December 3, 2016


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Under the Dome

Handcuffs and tax hikes

Hey there, time traveller!
This article was published 25/4/2013 (1318 days ago), so information in it may no longer be current.

Quiz time.
When did Progressive Conservative Leader Brian Pallister say this?
"The reason for that is that there is a significant accumulated debt which will be handed to younger people to repay. Younger people, unfortunately, will be saddled with that burden if things do not change in this country, and they must change because those younger people are my daughter and the sons and daughters and grandchildren of the members of this House and of all Manitobans. We have to bear responsibility for those people as much as for the people of today."
a) April 16, 2013 Budget Day, when the NDP said it’s hiking the sales tax to eight per cent
b) April 23, 2013  Pallister’s press conference on the need for a referendum for the tax increase
c) Oct. 16, 1996, during debate on Bill 2, otherwise known as at the time as The Balanced Budget, Debt Repayment and Taxpayer Protection and Consequential Amendments Act
If you picked ‘C’ you’re correctomundo.
To be honest, I did not find this on my own. One of the NDP’s "192 communicators" helped me.
Here’s what else Pallister, then Government Services minister, said back then about Bill 2:
"There has been a lot of research done, and the fact is that the balanced budget laws, tax and expenditure legislation are not perfect. They are not perfect. They do not work perfectly, and neither do most things, but they do work. Some work better than others. . .
". . .In that respect, this legislation does deal on the spending side very heavily. Granted, there are restrictions in this legislation that (NDP) members have talked about, that they suggest are unreasonable or that would handcuff future legislators. I do not believe that that is true. I believe the legislation can be, by any subsequent Legislature, withdrawn or repealed. So I do not believe that the hands-being-tied argument is one that has any validity at all. . .
"I would say, above all else, this is very moral, very spiritual legislation. It makes great sense but reflects an understanding of the need and knowing the essential fact that we must govern as if we were to be here on a long-term basis, perhaps forever."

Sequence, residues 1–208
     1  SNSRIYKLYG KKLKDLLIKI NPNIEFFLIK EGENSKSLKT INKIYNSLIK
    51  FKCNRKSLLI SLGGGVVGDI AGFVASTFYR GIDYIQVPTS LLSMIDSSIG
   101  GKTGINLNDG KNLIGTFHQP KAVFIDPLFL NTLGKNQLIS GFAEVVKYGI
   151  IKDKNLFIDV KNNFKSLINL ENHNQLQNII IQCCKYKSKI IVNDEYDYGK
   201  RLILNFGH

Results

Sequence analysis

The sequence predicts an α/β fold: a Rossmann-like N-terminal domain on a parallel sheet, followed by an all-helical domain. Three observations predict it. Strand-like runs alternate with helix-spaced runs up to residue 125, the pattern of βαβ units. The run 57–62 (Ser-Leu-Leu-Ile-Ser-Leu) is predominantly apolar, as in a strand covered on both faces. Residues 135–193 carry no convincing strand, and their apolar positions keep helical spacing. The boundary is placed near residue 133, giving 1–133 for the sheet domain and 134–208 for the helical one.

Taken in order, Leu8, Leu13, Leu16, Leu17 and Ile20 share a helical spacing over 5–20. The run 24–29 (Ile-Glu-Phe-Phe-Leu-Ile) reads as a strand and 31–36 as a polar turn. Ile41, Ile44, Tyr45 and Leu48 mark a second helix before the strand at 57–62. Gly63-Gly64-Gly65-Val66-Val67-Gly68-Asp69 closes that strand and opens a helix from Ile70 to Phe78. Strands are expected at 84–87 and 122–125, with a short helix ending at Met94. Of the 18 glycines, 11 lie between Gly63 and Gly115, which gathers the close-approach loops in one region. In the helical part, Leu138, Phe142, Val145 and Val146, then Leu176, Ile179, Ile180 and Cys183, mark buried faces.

Now, what the one of the 192 NDP communicators wanted me and you to know, is this: That in 1995, Pallister apparently saw no issue with a future government withdrawing or repealing the legislation, legislation that was inspired by him two years earlier through a private member’s resolution.
What the one of the 192 wanted out there is that Pallister, even before it became law, believed The Balanced Budget, Debt Repayment and Taxpayer Protection and Consequential Amendments Act was not quite written in stone.
The one of 192 also wanted it known is that it was not actually zapped by God into a tablet, but inspired by mere mortals going into an election campaign.
That like any law, it could be amended or killed by a future government.
Governments, even Conservative governments, do this from time to time. Like the federal long-gun registry.
Now, fast forward to what’s happening in the Manitoba legislature today.
Pallister and his Tories, and the Canadian Taxpayer Federation, now condemn the Selinger New Democrats for introducing Bill 20, the 11-page bill that would increase the provincial sales tax from seven per cent to eight per cent July 1 and exempt the government from the referendum requirement under what’s now called The Balanced Budget, Fiscal Management and Taxpayer Accountability Act.
The Tories say the money-hungry, tax-loving, spend-happy NDP are breaking the law.
The NDP, through one of its 192 communicators, say whoa, hold on, not so fast.
The NDP say they are merely doing what Pallister suggested could be done Oct. 16, 1995.
You can read all of what Pallister said in Hansard.
Pallister now says that during the 1999 election campaign, the year the NDP booted the Progressive Conservatives out of office, the New Democrats campaigned on a promise not to gut the The Balanced Budget, Fiscal Management and Taxpayer Accountability Act.
Instead, Pallister says the NDP instead have sliced and diced and hacked and slashed their way through it to suit their own needs, their last act being the chopping off of the referendum head.
"With the absence of the Taxpayer Protection Act what will happen is that government’s hands will be untied and governments will be able to raise taxes as they wish," Pallister said during his April 23 news conference.
Premier Greg Selinger, the boss of the one of 192, summed up the situation this way in a conversation last week.
"You do have to actually make decisions once and a while," he said. "It can’t just be laying people off and cuts."

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